Expert Proves Key to Lifting Injunction

By Robert Ambrogi Esq
Expert opinion proved to be the key to vacating a preliminary injunction in a design-patent case recently decided by the Federal Circuit Court of Appeals.

The expert's affidavit raised a substantial question as to the validity of the patents, the Federal Circuit found, ruling that the district court erred in finding that plaintiff was likely to succeed on the merits of the case and in issuing the injunction.

At issue in the case were two design patents owned by PHG Technologies, a company that sells medical-patient identification labels. The patents covered the "ornamental design" of a medical label sheet sold by PHG. The sheet included 11 rows of three labels each. The top nine rows contained labels of equal size; the bottom two had unequal-sized labels corresponding to the sizes of pediatric and adult medical wristbands.

In August 2005, PHG sued its competitor, St. John Companies Inc., contending that the design of St. John's medical-label sheet infringed PHG's patents. PHG asked the court to issue a preliminary injunction halting St. John's continued sales of the sheet.

At a district court hearing on the request, St. John argued that the sheets were primarily functional, not ornamental, and therefore not entitled to design-patent protection. In support of its position, it presented evidence from the prosecution history of a related PHG utility-patent application and an affidavit with the opinion of Adam Press, who was also St. John's chief executive officer.

PHG countered with the testimony of one of the inventors, Brian Moyer, who said that he chose the design because it was the "most aesthetically pleasing."

The district court issued the injunction, finding that function did not dictate the sheet's design and that the sizes and arrangement of the labels were primarily ornamental because there were other ways to arrange the labels on the sheet.

Affidavit Raises Question

On appeal, St. John challenged the district court's finding that PHG was likely to succeed on the merits of the case – an essential element of its decision to issue the injunction. In upholding St. John's challenge, the Federal Circuit found its expert's affidavit to be critical.

"Mr. Press’s affidavit constitutes evidence that alternative designs … would adversely affect the utility of the medical label sheet," Circuit Judge Sharon Prost wrote for the three-judge panel. "It articulates a clear functional reason why the use and purpose of the article of manufacture dictated that the 'wristband' labels be located at the bottom of the sheet."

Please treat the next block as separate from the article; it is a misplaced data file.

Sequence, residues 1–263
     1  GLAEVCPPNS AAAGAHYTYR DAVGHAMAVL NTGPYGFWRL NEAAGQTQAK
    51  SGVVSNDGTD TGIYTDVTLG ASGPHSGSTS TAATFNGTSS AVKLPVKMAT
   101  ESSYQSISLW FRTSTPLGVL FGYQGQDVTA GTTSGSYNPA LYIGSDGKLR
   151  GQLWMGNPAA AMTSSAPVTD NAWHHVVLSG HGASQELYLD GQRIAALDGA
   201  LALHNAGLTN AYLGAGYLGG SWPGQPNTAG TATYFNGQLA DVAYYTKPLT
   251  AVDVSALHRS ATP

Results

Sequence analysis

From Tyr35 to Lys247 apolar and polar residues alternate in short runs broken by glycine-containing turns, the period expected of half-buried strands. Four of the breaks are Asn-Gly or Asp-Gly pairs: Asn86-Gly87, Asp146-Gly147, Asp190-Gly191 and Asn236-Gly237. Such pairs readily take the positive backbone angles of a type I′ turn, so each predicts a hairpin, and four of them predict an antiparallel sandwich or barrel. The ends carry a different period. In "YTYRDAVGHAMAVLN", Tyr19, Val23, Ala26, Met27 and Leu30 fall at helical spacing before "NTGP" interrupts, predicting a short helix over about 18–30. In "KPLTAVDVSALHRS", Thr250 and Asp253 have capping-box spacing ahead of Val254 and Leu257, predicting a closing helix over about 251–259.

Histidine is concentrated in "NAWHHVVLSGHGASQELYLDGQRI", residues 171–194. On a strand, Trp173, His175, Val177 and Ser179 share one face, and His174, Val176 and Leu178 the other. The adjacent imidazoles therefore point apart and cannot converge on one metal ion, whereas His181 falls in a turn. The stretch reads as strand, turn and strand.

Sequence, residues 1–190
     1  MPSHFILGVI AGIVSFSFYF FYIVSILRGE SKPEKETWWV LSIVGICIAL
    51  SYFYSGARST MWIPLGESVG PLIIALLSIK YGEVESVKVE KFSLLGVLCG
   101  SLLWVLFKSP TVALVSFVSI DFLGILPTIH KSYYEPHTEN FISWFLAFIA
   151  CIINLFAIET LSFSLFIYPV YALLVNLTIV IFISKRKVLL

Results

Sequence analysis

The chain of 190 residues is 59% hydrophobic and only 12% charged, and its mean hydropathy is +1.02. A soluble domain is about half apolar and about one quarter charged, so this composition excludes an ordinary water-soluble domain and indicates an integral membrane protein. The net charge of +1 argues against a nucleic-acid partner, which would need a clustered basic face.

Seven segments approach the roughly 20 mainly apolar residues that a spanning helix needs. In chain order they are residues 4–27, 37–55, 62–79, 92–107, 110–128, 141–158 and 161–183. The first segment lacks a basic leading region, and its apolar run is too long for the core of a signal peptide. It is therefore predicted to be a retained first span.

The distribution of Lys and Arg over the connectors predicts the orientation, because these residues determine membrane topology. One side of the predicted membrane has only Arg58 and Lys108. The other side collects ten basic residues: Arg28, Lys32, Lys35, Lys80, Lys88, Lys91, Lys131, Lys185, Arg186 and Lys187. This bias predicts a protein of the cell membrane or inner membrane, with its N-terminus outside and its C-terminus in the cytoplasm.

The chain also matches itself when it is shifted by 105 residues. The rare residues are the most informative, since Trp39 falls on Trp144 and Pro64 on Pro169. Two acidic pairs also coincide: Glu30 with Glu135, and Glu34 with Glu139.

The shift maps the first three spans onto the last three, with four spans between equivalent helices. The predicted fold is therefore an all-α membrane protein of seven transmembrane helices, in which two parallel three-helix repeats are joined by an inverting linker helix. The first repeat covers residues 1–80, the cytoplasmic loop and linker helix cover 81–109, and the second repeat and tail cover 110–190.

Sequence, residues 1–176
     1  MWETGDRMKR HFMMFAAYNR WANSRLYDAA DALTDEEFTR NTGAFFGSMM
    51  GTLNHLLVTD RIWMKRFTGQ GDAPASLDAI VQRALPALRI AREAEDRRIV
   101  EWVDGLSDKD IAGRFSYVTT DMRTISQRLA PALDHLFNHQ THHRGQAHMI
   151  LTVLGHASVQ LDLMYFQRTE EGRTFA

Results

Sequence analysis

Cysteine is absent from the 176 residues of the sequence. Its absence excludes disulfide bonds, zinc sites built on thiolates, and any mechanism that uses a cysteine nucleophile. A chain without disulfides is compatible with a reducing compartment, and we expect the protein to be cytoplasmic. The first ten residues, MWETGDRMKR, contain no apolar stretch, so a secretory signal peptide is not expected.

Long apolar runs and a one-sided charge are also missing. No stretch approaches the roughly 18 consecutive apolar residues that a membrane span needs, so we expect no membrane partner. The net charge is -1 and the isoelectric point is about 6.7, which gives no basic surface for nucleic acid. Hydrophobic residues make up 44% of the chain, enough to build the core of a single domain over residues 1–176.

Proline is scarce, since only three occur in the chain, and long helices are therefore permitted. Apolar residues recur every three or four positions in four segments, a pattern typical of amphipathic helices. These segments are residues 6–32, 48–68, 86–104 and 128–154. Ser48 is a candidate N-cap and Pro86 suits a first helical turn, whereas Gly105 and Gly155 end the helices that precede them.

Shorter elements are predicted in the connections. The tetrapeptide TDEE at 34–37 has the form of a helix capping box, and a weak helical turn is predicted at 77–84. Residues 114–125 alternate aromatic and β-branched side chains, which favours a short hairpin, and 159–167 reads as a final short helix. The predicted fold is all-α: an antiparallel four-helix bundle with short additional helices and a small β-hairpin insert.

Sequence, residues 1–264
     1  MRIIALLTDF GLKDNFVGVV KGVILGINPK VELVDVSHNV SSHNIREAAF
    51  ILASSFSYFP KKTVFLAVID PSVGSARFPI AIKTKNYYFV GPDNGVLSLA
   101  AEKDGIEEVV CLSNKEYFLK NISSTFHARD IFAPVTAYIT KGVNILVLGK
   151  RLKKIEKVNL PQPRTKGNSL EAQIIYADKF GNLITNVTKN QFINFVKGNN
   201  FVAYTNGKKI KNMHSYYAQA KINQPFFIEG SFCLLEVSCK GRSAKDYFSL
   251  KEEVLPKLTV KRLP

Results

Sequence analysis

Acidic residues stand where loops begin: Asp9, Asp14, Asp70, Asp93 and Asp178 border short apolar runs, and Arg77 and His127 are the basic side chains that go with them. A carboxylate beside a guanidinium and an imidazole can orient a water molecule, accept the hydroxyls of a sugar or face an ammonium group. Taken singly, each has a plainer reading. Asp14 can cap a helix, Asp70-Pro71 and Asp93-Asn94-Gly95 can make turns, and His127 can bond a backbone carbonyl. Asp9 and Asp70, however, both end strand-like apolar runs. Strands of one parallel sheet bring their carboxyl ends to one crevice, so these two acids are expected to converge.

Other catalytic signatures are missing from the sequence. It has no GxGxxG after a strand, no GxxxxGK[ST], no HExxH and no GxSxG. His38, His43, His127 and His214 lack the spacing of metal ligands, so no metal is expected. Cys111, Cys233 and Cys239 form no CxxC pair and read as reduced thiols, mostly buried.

A design patent is invalid, the court noted, if the design is primarily functional rather than ornamental. The design is deemed to be functional when "the appearance of the claimed design is 'dictated by' the use or purpose of the article."

The mere presence of alternative designs does not decide the issue. Rather, the question is whether the alternatives would adversely affect the utility of the article "such that they are not truly 'alternatives' within the meaning of our case law."

Here, the district court relied exclusively on its finding of a multitude of alternative designs, while making no finding as to whether they would adversely affect the utility of the medical label sheet.

"The district court makes no reference to St. John's evidence that the overall arrangement of the labels on the medical label sheet was dictated by the use and purpose of the medical label sheet and that alternative designs lacking that arrangement would adversely affect the utility of the sheet," the court said.

The expert's affidavit, the court continued, "was sufficient to raise a substantial question of invalidity," and PHG offered no evidence refuting the affidavit.

"Because we find that St. John has raised a substantial question of the validity of the two patents at issue, the district court abused its discretion by granting PHG's motion for a preliminary injunction," the court concluded. "Therefore, we vacate the preliminary injunction."

The case is PHG Technologies LLC v. St. John Companies Inc., Case No. 06-1169 (Fed. Cir., Nov. 17, 2006).


Robert Ambrogi Esq

We are proud to partner with an author of Bob’s caliber to provide exclusive articles for our legal clients and leading industry experts. Robert J. Ambrogi is a news media veteran and the only person ever to hold the top editorial positions at the two leading national U.S. legal newspapers, the National Law Journal and Lawyers Weekly USA. He is currently a Massachusetts lawyer who represents clients at the intersection of law, media and technology. He is also internationally known for his writing and blogging about the Internet and technology. Media and Technology Law Bob represents a range of businesses and individuals, concentrating in print and electronic media companies and the editorial, sales, marketing and technology professionals who work in them. He also counsels businesses and individuals in employment matters. Arbitration and Mediation An established professional in alternative dispute resolution, Bob has been an arbitrator since 1994, focusing on labor and employment and securities disputes. A mediator in a range of civil disputes, Bob completed the training required by Massachusetts law to protect confidentiality.

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